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Why bother with for-profits? The answer, as explained by Frederick M. Hess and Michael B. Horn, is that because for-profits have owners, they bring some unique strengths compared to nonprofit and governmental organizations, including the ability, on average, to attract capital far more easily — not unimportant in a field where people are always clamoring for more dollars.
For-profits attempting to enter the education market are largely met with hostility, but the role they can play in K–12 and higher education deserves further consideration.
WASHINGTON DC, Aug. 1, 2013 – Across industries such as health care, clean energy and even space exploration, private enterprise plays an accepted and critical role. Yet when it comes to education, Americans see for-profits as an evil imposition. While there is no shortage of negative...
Tune in for a Google Hangout discussion about how policymakers can create an environment where the power of for-profit innovation and investment is leveraged to better serve students.
What once required a textbook can now be delivered faster, more cheaply and more effectively using new tools and technology. As schools, systems and suppliers respond, students will be well-served if educators, parents and policy makers recognize that public systems, nonprofits and for-profits all have vital roles to play when it comes to providing great schooling for 50 million children.
Join AEI’s Frederick Hess and prominent for-profit practitioners as they address this and other pressing questions about the intersection of federal policy and for-profits in education.
America's current K–12 education system is controlled by a seemingly impenetrable web of institutional interests. But new technologies and a renewed focus on student performance could fray the bonds between incumbents, creating an opportunity for nonprofis and for-profits alike to build a better American public-school system.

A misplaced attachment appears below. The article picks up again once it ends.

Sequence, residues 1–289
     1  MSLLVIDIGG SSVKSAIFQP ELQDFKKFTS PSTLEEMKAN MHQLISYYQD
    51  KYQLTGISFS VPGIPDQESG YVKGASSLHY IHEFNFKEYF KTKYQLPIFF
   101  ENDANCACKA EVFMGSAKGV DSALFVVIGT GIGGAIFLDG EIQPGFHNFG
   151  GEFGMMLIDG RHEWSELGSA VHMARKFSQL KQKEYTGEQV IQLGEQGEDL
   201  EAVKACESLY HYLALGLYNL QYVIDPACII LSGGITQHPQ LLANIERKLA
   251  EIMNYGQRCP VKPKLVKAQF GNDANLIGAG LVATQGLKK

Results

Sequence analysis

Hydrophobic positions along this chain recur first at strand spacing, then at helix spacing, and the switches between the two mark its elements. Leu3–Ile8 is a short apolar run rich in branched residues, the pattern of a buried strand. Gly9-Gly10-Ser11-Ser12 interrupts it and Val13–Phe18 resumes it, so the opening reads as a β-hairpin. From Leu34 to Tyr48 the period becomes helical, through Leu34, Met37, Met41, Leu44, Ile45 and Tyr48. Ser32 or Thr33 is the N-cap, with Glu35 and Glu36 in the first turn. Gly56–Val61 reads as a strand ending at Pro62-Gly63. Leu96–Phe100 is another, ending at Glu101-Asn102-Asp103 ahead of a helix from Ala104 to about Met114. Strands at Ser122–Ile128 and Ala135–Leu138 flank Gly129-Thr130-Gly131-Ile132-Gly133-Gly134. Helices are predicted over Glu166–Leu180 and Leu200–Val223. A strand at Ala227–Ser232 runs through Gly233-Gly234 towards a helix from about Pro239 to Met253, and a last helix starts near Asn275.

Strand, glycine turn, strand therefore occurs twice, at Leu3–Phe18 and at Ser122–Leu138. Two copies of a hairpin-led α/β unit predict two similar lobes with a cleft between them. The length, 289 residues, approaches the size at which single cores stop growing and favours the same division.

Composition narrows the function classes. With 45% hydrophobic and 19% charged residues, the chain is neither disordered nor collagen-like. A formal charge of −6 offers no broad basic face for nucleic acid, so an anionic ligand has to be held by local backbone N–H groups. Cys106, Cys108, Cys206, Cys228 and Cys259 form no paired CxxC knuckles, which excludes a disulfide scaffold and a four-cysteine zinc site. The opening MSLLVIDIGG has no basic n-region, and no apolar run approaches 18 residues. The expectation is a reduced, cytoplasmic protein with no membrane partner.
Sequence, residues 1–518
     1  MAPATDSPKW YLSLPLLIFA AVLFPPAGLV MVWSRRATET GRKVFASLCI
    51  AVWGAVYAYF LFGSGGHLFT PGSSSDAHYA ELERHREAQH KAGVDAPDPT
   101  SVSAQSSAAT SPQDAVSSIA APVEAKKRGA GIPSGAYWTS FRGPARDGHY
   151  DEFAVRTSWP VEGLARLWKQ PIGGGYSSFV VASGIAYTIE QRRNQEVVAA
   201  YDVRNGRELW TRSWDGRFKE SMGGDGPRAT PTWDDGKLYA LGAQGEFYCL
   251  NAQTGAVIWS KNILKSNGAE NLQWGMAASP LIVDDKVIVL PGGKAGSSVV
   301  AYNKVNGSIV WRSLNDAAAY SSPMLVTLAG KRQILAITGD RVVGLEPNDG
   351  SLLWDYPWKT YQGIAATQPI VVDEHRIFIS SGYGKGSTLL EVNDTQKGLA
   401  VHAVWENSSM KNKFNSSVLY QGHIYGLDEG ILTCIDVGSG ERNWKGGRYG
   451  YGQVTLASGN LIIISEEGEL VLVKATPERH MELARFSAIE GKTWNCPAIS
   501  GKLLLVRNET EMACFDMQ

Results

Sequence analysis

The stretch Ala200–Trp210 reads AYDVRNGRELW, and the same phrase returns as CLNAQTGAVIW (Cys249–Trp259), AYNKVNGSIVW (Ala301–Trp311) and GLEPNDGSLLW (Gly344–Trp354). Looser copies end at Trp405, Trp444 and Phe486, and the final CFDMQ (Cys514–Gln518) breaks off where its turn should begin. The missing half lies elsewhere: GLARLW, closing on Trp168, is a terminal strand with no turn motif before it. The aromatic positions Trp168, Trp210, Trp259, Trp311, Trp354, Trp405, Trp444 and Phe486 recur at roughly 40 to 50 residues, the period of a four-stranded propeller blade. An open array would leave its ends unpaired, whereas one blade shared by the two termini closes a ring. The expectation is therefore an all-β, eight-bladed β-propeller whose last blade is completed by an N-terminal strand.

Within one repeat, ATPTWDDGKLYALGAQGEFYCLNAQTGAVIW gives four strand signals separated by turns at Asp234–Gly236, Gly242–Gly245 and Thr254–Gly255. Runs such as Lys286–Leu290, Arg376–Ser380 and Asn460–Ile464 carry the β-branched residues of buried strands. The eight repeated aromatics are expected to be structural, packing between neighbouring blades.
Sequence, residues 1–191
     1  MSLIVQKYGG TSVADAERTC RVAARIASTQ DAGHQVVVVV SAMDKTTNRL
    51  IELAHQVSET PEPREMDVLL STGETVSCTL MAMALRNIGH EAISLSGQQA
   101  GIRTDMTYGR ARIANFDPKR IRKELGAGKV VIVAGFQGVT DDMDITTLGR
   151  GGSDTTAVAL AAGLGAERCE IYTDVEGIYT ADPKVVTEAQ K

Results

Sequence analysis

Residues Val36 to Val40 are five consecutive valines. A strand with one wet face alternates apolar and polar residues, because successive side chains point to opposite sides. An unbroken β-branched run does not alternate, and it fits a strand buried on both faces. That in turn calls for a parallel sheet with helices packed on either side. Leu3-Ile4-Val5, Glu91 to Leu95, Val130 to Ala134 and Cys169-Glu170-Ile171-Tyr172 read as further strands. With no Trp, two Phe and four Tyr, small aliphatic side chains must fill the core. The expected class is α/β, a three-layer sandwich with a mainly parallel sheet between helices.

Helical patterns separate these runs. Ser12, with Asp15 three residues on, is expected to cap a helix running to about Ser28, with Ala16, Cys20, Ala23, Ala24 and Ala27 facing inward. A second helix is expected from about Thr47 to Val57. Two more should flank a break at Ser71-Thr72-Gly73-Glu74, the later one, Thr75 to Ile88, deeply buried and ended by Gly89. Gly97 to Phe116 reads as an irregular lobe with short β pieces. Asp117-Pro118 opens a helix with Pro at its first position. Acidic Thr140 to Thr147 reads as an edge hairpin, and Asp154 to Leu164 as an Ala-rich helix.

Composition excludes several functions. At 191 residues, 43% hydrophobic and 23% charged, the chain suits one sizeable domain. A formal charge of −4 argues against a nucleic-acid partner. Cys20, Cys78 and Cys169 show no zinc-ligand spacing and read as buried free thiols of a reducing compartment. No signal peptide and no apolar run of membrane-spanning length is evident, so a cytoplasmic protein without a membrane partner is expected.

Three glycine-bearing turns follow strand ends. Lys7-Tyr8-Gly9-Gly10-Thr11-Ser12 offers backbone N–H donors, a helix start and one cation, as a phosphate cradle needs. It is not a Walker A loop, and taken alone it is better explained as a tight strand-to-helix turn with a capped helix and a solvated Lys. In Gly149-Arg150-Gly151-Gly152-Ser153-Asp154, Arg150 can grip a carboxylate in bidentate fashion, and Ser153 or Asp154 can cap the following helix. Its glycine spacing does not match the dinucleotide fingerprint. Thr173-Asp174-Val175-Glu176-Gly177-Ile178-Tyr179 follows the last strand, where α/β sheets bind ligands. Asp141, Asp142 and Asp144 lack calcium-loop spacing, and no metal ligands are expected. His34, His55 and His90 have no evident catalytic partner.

Policymakers should provide parents with a clearer picture of childcare program quality and give equitable oversight and support to all caregivers of infants and toddlers.
For-profit early care providers are crucial to filling the gaps left by public-sector early childhood education programs. Policymakers should--via effective rating systems--provide parents with a clear picture of program quality and give equitable support to all caregivers of infants and toddlers.
For-profits may have incentives to cut corners in pursuit of profits, but this trait is the flip side of valuable characteristics: the inclination to grow rapidly, readily tap capital and talent, maximize cost effectiveness, and accommodate customer needs. Alongside nonprofit and public providers, for-profits have a crucial role to play in meeting America’s 21st century educational challenges.
Join a diverse group of panelists — including sociologists, education experts, and students — for a discussion of how public policy and culture can help families lay a firmer foundation for their children’s educational success, and of how the effects of paternal involvement vary by socioeconomic background.
This event will coincide with the release of a new report by AEI’s Mary Habeck, which analyzes why current national security policy is failing to stop the advancement of al Qaeda and its affiliates and what the US can do to develop a successful strategy to defeat this enemy.
During this event, experts with many different views on the ACA will offer their predictions for the future.